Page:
The need for high-speed Wi-Fi coverage in every nook and corner of your home has become extremely necessary. We keep purchasing the latest and greatest smart devices but end up frustrated due to the lack of a strong and stable internet connection.
Today’s technology is generally Wi-Fi dependent and offers us technical capabilities while needing a proper wireless or wired network connectivity that makes it tough to produce without accurate execution and knowledge.
It’s not uncommon to have dead zones in the house. In a perfect world, one imagines that deploying a single long-range Wi-Fi router that covers a large area. However, we don’t live in a perfect area, such equipment just doesn’t exist.
But, despair not, no matter what size or shape your house is in, there are a number of steps that you can take to remedy the problem.
Move Your Router
Shifting your internet router around may look like a primitive solution to resolving a technical problem, but believe it or not, it can make a significant difference. If it’s possible to position the router somewhere in the middle of the house, or perhaps nearest to devices that need it.
Wi-Fi signals are against brick or concrete walls, so try your best to avoid these. Moreover, wireless devices like baby monitors and microwaves can interrupt your Wi-Fi speed, so be mindful of this when scouting for your router’s location.
It’s highly likely to be limited by the location from where the internet feed is entering your home, but bringing creativity into positioning the router is an easy and quick way to get rid of dead zones.
Even if you were to buy a longer connecting cable between the wall socket and router can give you a little more room to experiment with. Also, not that newer tablets, phones, laptops, and other devices have Wi-Fi adapters that are more powerful and sensitive than those of older hardware, because of the continuous evolution of technology.
Hence, we recommend letting older devices be nearer to the router and allow your latest devices to be a little farther.
Get Your Router Wired
We can all agree on the fact that every one of us relies heavily on Wi-Fi, in fact, our day-to-day lives revolve around it. Which is why it’s worth considering the option of setting a few cabled access point around your home.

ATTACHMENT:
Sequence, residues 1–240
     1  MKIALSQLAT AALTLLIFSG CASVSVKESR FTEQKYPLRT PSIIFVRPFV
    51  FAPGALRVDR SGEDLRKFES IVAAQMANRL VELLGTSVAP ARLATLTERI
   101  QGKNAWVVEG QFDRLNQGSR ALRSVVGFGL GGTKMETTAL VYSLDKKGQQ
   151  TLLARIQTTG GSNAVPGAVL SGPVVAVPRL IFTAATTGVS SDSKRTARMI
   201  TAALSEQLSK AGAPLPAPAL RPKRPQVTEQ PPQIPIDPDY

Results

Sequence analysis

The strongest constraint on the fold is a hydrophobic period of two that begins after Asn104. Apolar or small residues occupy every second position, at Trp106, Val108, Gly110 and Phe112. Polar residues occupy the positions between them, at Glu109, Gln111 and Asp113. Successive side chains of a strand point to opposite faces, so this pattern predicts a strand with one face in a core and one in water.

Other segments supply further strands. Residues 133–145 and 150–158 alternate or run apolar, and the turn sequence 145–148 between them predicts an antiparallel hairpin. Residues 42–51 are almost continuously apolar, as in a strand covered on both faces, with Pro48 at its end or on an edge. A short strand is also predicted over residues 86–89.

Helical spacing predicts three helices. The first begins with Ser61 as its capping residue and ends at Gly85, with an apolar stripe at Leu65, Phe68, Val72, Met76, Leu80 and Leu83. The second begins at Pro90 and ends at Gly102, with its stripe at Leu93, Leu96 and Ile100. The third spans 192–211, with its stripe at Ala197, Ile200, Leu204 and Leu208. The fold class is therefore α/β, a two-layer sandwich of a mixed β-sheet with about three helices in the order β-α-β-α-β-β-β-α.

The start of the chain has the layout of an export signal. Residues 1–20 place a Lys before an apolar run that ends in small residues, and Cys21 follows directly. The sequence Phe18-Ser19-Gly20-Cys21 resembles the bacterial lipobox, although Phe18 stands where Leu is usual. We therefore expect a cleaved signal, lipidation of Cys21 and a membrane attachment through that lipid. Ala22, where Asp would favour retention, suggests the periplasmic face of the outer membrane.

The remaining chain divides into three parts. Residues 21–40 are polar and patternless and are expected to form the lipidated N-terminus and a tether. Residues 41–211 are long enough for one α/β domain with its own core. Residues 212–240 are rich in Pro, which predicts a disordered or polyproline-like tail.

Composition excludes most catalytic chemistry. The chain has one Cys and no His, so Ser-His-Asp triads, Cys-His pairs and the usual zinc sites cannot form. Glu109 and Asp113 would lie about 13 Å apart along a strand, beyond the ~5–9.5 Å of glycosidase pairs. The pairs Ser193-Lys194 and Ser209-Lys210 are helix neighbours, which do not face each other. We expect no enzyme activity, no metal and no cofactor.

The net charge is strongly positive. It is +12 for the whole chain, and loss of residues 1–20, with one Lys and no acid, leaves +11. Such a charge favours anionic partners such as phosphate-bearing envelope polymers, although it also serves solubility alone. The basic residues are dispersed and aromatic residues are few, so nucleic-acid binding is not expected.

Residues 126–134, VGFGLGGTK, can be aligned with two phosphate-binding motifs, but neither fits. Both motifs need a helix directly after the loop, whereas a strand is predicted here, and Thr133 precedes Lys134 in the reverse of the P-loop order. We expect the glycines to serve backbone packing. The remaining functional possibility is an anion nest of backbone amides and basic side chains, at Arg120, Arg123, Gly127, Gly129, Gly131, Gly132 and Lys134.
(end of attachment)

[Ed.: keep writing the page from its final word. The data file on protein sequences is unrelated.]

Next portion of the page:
For this, you’ll need some Ethernet cables, pins to keep it in place, and some extra Ethernet ports at the back of your internet router. We understand that wired internet access may not be as convenient, but there are two major advantages it brings; security and speed.
When you use a wired internet connection, there’s nothing out there that can interfere with your internet signal and lowers the chance of your neighbors snooping onto your activities without having physical access to your router.
Of course, there’s no need for you to hook everything with wires. If you’re able to run an Ethernet cable from your router all the way to an attic, then it may be possible to attach another router or say a wireless access point to the other end.
Hence, this would create a second Wi-Fi network simply for the attic or whichever room the cable’s been led to. In all honesty, there isn’t any one-size-fits-all solution, however, we’d suggest not to dismiss any older wired connections when you’re setting up an internet network.
There’s a wide range of consumer networking kits to opt from that can easily produce a bespoke setup without costing too much.
Invest in a Mesh Network System
So, what exactly is a mesh network? A mesh network is a way of deploying several access points in a single network without the need to run an Ethernet cable to every access point. Data is typically passed wirelessly from one access point to another.
This kind of solution is becoming increasingly popular in residential markets, and in some cases, it can be the best solution depending on the courage area, and the way Wi-Fi is going to be utilized within that area.
Google Nest Wi-Fi Router and Point is one the best mesh network systems and can blanket a large area in reliable Wi-Fi coverage. You can purchase this at FirstEnergy Ohio for $189, and get your hands on it ASAP, as it sells out rather quickly.
However, there’s one major drawback of a mesh network system. That is the loss of speed you’re likely to experience. Sometimes this particular loss of speed can be almost 50% in every hop that’s within the network.
Despite that, a mesh network will indefinitely give your home better Wi-Fi coverage.
Bright Future for Wi-Fi
We’ve shared three possible ways on how you can blanket a large area with storm Wi-Fi coverage. Our favorite has to be the mesh system. They may seem a little on the pricey side, but they’re worth every buck.
They’re not only simple to set up but provide a much stronger Wi-Fi coverage. We recommend you giving it a try to see how it changes things for you!